The Fresh Loaf

News & Information for Amateur Bakers and Artisan Bread Enthusiasts

recipe to try in Ed Wood's "Classic Sourdoughs"

hullaf's picture

recipe to try in Ed Wood's "Classic Sourdoughs"

I just bought Ed Wood's book, Classic Sourdoughs and find the reading interesting. I want to try his method and one of his recipes. Can anyone recommend one that they've especially liked? I've got a whole wheat stiff starter in the works, it's active and growing well and would like to use that instead of my usual white one. Thanks, Anet

nbicomputers's picture

when i hear or read the name Ed Wood the first thing thats comes into my head is


nothing to do with baking and i do hope the people that read this get it

Mini Oven's picture
Mini Oven

I'm not familiar with his book but I did go over to youtube and look up:  Ed Wood.  Now I know what Norm is writing about.  1955 is the year my parents were married.

Think we could crank out a loaf  "Bride of Sourdough" or  "It's a Sourdough You Can't Imagine!"  "Sourdough Snatchers from Outer Space" as tribute?

Mini O

hullaf's picture

Norm, when I first read your response, I got a little "ticked" . . . but then Mini Oven clued me in to the truth! (Thanks Mini - I hardly know what youtube is!) I laughed after seeing some of those Hollywood Ed Wood films -- and yes, stupid, but, maybe, just a little cute? Come on, smile? So, I still want to know has anyone read this book, what do you think, have you tried anything? I am trying the basic sourdough batter bread (Bride of Dracula?) as we speak from some leftover starter. It's a baking day -- feeding my other two starters to give them a buzz start,  trying Wild Yeast's hamburger buns from a pre-ferment to go with chuck roast slow cooker BBQ, and a "torta della nonna" with polenta and custard and pine nuts. (that one for sure is an experiment) Thanks for the laugh, Anet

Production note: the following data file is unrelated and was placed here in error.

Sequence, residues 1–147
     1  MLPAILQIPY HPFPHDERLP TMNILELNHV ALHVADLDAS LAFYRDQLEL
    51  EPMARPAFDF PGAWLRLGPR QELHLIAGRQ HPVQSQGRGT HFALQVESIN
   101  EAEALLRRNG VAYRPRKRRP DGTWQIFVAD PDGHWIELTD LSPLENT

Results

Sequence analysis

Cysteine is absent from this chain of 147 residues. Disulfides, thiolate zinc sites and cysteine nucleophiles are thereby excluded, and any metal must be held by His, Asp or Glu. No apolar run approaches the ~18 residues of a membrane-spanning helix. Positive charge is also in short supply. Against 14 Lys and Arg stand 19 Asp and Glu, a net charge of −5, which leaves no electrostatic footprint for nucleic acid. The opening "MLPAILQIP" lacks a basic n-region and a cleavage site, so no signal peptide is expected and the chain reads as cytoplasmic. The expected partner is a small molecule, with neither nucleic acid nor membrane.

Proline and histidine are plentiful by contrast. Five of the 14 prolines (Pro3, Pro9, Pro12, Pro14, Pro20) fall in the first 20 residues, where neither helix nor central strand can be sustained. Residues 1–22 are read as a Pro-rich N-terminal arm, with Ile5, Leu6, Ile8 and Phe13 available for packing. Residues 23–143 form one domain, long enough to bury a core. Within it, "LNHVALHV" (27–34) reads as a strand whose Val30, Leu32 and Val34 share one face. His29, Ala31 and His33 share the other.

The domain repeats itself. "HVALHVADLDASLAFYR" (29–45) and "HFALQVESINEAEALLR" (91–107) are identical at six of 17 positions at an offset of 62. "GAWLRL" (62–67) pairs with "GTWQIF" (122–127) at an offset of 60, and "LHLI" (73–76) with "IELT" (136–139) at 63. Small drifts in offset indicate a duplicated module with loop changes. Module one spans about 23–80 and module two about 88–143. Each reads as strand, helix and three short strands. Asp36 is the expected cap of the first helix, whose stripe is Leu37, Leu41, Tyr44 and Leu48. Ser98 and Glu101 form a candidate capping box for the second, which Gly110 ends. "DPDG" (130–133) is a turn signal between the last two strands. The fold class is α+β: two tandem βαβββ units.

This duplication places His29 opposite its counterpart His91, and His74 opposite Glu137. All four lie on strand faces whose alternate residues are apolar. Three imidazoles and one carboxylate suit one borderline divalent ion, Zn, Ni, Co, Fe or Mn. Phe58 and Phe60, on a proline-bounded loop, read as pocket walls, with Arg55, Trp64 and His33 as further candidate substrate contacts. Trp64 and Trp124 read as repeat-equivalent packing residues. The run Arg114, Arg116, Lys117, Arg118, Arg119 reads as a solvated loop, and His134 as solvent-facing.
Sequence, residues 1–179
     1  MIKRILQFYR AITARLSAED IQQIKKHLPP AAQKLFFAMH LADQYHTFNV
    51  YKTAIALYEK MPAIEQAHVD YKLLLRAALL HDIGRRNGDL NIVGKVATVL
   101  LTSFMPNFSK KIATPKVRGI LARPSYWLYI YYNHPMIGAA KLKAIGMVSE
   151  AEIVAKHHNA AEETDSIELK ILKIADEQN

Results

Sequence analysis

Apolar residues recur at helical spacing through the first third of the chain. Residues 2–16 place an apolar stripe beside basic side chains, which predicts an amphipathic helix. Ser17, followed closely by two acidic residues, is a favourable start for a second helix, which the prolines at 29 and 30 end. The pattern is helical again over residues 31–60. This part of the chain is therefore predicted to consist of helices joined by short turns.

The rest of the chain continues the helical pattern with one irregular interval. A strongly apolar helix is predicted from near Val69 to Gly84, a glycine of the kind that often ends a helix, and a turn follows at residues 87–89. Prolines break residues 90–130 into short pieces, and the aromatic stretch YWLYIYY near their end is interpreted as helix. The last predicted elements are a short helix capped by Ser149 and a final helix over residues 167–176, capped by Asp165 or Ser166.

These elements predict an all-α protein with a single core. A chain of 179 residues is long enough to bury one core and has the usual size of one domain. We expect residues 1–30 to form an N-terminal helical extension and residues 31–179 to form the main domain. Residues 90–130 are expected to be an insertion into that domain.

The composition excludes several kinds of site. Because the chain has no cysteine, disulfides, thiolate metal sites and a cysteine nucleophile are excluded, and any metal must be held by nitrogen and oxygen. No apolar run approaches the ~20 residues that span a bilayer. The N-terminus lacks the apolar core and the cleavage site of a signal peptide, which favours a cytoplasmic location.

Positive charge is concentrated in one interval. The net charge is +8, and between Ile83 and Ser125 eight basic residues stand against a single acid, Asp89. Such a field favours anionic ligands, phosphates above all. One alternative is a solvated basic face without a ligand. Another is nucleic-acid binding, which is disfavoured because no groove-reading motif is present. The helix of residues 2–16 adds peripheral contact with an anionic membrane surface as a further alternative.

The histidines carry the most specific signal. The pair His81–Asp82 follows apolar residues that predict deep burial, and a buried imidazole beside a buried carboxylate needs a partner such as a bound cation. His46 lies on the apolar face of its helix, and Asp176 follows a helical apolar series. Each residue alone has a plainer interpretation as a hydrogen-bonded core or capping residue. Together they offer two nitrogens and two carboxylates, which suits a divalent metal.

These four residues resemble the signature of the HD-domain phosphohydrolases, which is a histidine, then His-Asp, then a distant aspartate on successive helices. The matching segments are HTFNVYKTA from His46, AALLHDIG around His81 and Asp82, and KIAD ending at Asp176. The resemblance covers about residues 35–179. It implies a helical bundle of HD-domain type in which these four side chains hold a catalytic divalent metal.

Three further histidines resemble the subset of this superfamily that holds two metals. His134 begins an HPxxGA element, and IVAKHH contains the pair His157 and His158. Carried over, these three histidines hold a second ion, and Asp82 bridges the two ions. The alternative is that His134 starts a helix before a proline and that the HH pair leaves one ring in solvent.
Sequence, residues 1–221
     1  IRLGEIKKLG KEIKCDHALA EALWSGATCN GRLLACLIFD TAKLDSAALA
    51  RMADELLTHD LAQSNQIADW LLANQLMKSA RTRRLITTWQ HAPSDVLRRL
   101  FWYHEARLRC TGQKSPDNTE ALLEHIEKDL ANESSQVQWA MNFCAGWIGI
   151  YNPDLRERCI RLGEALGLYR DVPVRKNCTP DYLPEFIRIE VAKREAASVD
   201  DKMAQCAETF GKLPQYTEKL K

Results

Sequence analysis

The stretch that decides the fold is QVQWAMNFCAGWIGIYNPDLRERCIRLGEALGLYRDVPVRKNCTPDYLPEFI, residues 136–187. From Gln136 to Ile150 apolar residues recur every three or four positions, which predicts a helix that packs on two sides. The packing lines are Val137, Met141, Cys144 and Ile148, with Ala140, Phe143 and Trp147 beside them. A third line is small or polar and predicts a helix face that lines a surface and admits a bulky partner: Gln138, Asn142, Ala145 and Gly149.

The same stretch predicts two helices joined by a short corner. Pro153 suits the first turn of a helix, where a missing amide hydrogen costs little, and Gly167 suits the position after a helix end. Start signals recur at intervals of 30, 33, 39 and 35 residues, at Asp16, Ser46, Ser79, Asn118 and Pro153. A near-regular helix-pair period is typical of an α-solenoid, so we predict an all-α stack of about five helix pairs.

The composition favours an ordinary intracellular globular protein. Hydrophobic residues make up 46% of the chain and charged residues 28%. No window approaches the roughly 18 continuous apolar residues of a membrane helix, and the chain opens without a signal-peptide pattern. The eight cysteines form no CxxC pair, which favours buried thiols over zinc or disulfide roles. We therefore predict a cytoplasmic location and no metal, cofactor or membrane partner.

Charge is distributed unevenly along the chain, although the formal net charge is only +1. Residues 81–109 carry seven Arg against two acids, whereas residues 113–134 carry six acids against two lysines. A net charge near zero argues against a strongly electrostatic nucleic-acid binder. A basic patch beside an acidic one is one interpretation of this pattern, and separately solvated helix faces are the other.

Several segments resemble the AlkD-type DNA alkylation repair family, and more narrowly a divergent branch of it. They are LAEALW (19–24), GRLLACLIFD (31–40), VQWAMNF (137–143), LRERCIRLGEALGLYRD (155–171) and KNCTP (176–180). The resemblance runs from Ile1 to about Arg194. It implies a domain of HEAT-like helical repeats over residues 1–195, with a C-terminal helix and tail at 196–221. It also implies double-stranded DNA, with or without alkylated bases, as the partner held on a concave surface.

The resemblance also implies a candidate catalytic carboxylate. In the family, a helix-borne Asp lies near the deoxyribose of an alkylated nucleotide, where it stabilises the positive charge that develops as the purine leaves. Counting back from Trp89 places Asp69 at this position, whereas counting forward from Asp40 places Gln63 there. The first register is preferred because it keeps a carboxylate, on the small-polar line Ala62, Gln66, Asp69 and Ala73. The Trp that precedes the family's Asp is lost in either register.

nbicomputers's picture

Im glad you finaly got it. it was a line fron what was voted the worst movie of all time and if you ever get the chance to see "Plan 9 from outer space" then you will know it lives up to that the title of the worst movie of all time.

VERY VERY glad your not mad.

gavinc's picture

I have the book and read it when I was just getting into sourdoughs a few years ago.  It has it's place for background theory, but it's contradicted by many.  I didn't have much success with the recipes, although at the time I thought they were good.  I moved on to Hamelman's Bread book and haven't looked back as the recipes produce much better results, taste, crumb, volume and much better methods.  I purchased some starters from Ed Wood's and they are still in use and very good - but I use Hamelman's recipes and methods for the reasons stated.  I found that within the book I got confused as some sections give different instructions about starter maintenance from other sections and they were also different from the instructions that came with the starters.